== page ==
Mushroom Growing Process


Mushroom growing process

HOW MUSHROOMS ARE GROWN

1/ STRAW WETDOWN & COMPOSTING

Good quality wheat straw is wet over several days & then a protein source is added plus gypsum.
Mushroom growing process

The gypsum helps to keep the compost open & the protein (often chicken litter) accelerates microbial activity. Temperatures up to 84?C cook & caramelise the straw making it suitable & selective for mushroom growth. The aim is to compost aerobically so most growers use under-floor ventilation & turn & mix the compost regularly over a 9 to 14 day composting phase. It is amazing to see how quickly the material can convert from dry wheat straw to a very dark homogenous compost if ideal conditions are created. Moisture should be 72%+, protein about 12.5% and microbial activity very strong still.
Mushroom growing process

2/ COMPOST PASTEURISATION & CONDITIONING

The material is now ready to pasteurise & condition in a specialised well insulated room with a powerful fan, filtration system & under floor ventilation. Air is recirculated through the compost which can be up to 2.5M high. This again is a totally natural process utilising micro-organisms to create the heat. There are five distinct phases.

EVENUP

A small amount of fresh air is used allowing the temperatures in the compost to even-up & the microorganisms to become active again. Normally this takes 12-16 hours to achieve 54?C+ with medium fresh air (indicating good strong activity).

PASTEURISATION

Once the compost is all heating above 57?C then minimal fresh air is set & 57-62?C should be recorded in the compost for 5-7 hours. Ammonia content in the compost & air will be very strong & this is very important to ensure a suitable kill of unwanted spores, fungi, Nematodes & other unwelcome guests.

DROP OFF

It normally takes about 6-8 hour to reduce the compost temperature to 53-54?C and maintain strong natural activity.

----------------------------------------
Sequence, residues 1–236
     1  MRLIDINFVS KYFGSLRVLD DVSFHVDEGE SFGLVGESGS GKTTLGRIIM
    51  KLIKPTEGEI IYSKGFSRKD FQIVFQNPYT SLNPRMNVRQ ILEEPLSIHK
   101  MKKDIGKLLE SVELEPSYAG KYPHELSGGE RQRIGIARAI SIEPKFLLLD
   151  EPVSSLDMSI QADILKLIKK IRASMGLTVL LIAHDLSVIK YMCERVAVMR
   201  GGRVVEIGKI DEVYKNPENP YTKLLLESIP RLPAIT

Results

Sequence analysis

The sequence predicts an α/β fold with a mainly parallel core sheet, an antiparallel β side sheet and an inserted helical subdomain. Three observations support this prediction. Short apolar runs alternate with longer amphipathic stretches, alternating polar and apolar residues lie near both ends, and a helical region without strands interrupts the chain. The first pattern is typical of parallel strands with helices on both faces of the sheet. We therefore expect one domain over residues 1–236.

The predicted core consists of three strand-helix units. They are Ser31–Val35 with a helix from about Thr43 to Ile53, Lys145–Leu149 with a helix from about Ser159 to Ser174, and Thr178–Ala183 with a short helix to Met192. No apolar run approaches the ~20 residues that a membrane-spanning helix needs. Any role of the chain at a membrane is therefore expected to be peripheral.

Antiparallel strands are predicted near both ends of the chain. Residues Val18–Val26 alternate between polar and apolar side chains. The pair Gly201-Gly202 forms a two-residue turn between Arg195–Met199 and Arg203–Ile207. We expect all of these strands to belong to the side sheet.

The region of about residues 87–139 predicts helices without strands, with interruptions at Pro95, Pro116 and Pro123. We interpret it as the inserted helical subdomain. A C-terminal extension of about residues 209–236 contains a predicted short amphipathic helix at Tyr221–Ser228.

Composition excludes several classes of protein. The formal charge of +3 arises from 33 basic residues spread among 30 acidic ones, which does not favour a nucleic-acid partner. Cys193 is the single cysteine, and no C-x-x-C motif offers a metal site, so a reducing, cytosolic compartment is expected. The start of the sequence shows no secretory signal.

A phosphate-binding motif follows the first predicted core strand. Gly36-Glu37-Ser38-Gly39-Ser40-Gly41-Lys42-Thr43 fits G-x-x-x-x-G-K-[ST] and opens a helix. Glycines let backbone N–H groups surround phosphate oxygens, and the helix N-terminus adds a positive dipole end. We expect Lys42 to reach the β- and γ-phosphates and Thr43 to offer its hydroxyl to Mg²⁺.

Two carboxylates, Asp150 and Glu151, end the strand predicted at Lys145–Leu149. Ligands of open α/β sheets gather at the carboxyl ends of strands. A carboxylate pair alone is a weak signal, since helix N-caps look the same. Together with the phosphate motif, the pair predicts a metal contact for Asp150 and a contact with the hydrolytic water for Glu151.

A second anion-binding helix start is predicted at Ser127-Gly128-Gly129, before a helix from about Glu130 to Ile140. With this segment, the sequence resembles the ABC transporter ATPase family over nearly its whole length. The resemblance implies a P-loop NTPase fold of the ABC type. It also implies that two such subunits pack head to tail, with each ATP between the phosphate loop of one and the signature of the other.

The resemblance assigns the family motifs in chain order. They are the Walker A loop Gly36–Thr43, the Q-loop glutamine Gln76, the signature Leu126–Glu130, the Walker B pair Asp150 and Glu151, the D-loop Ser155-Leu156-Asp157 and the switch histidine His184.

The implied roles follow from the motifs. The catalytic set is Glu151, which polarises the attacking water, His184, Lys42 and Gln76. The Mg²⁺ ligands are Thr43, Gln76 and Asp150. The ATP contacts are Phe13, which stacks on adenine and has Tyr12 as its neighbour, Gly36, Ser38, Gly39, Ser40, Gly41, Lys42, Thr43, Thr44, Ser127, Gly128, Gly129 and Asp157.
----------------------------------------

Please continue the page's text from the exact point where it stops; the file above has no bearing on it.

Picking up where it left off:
CONDITIONING

Over the next 4 or 5 days the temperatures are gradually reduced down to 45-46?C in the compost. For the first 2-3 days activity is strong while the micro-organisms lock up all unconverted protein & ammonia & then die off.

COOL-DOWN

The exhaust air will now smell free of any ammonia & it is time to cool down to 30?C for inoculation with mushroom spawn.

3/ SPAWNING

The compost is now mixed with spawn of the growers strain and often is supplemented with a matched slow release protein source. There are three distinct ways of spawn running/growing.

BULK SPAWN RUN

This is where the compost is put back into a room like the pasteurising room where recirculated air can be pushed through the compost to maintain ideal conditions for mycelial growth( 25-28?C & high CO2 levels).

SHELVES


Mushroom growing process

Spawned compost is filled onto long shelves 5 or 6 high in the final growing room.

LARGE GROWING BOXES

The compost is filled into large boxes(normally wood) and placed in a specialised spawn growing room for 14 days.

BAG GROWING

The compost is filled into plastic bags which are normally placed on some sort of shelf system in a growing room.

4/ CASING WITH A PEAT & LIME MIX

Once the spawn has fully colonised the compost then a 40-50mm layer of casing is added, normally containing casing inoculum(casing spawn). Some growers add supplement now instead of at spawning. The peat mix is added very wet & kept wet while the spawn colonises it(about a week).

FLUSHING

Once the peat mix is sufficiently grown with mycelium then some fresh air is introduced. By careful adjustment of CO2 (2500-1500ppm), humidity and air temperature, progressivelly small pinheads are encouraged to form & grow-out to button, cup & Flat mushrooms. Mushrooms grow in flushes about 7-10 days apart. The first is the most challenging to attain quality and yield. Generally 3 or 4 flushes are taken over 4-6 weeks of picking.

HARVESTING


Mushroom growing process

Growers that grow white mushrooms normally pick these as tight buttons & often can pick a crop several times in a day to attain the best quality. The brown mushroom is generally picked as a flat or portabello.

Mushroom growing process

As the crop is harvested the beds or cropping area is tidied of stalks & other mushroom trash & then the peat is wet again for the next flush. The size of mushroom farms in NZ vary between about 5 ton per week to over 100 ton.